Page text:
THURSDAY, Sept. 20 (HealthDay News) -- Emotional neglect as a child may be tied to a higher risk of stroke as an adult, according to a study published online Sept. 19 in Neurology.
Robert S. Wilson, Ph.D., from the Rush University Medical Center in Chicago, and colleagues conducted a neuropathologic examination in 192 older participants in a longitudinal clinical-pathologic study. The number of chronic cerebral infarcts was assessed from brain autopsies. Prior to death, participants rated adverse childhood experiences.
The researchers found that, after adjusting for other variables, higher adversity was associated with higher likelihood of chronic cerebral infarction. Analyses of childhood adversity subscales showed that, specifically, emotional neglect was associated with infarction (odds ratio [OR], 1.097; 95 percent confidence interval [CI], 1.048 to 1.148). In those reporting a moderately-high level of childhood emotional neglect (score = 6; 75th percentile), the likelihood of infarction was 2.8 times higher (95 percent CI, 2.0 to 4.1) compared to those reporting a moderately-low level of neglect (score = 1; 25th percentile).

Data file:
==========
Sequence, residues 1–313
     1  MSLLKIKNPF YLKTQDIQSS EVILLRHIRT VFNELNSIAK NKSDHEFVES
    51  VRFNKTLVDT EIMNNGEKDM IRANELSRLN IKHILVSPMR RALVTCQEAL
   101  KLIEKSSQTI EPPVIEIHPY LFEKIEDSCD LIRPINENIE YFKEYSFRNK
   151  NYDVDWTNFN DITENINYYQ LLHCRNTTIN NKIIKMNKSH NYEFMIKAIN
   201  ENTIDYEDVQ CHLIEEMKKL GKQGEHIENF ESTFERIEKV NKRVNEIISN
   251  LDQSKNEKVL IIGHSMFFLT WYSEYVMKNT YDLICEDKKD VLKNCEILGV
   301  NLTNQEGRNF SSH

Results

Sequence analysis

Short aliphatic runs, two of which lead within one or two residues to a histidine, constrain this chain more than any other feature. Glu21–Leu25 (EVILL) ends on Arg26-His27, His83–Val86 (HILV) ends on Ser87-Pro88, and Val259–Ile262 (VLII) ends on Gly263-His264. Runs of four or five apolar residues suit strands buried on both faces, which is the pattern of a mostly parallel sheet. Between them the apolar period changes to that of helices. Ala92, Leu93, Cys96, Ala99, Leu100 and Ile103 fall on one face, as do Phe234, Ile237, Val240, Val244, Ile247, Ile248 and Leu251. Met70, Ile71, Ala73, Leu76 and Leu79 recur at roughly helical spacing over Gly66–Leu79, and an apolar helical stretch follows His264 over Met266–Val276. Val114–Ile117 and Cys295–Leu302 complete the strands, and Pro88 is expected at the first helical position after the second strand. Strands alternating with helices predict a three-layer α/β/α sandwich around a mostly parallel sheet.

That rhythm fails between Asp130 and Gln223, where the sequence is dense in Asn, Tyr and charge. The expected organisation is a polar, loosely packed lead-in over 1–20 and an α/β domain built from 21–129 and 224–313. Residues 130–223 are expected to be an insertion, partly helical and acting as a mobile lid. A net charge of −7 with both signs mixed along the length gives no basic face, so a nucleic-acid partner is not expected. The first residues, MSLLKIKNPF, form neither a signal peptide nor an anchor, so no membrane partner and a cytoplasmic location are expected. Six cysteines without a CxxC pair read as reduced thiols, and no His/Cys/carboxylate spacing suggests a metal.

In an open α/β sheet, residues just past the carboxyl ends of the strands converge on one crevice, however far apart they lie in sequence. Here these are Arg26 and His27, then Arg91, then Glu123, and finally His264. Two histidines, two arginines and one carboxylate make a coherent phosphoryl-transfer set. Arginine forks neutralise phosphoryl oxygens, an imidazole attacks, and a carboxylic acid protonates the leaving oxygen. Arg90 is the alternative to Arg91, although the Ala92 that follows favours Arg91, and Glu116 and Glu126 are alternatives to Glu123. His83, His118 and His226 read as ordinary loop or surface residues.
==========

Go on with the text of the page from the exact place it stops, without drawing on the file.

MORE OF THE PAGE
"Further analysis of neuropathologic material from the Rush Memory and Aging cohort will be necessary to appreciate fully the epidemiologic implications of this study. Whether the findings reported in this study are truly causal or reflect systematic differences between those with and without childhood adversity is also difficult to answer with certainty," write the authors of an accompanying editorial. "It would be of interest to know if leukocyte telomere length or telomerase activity correlates with cerebral infarction in their population."
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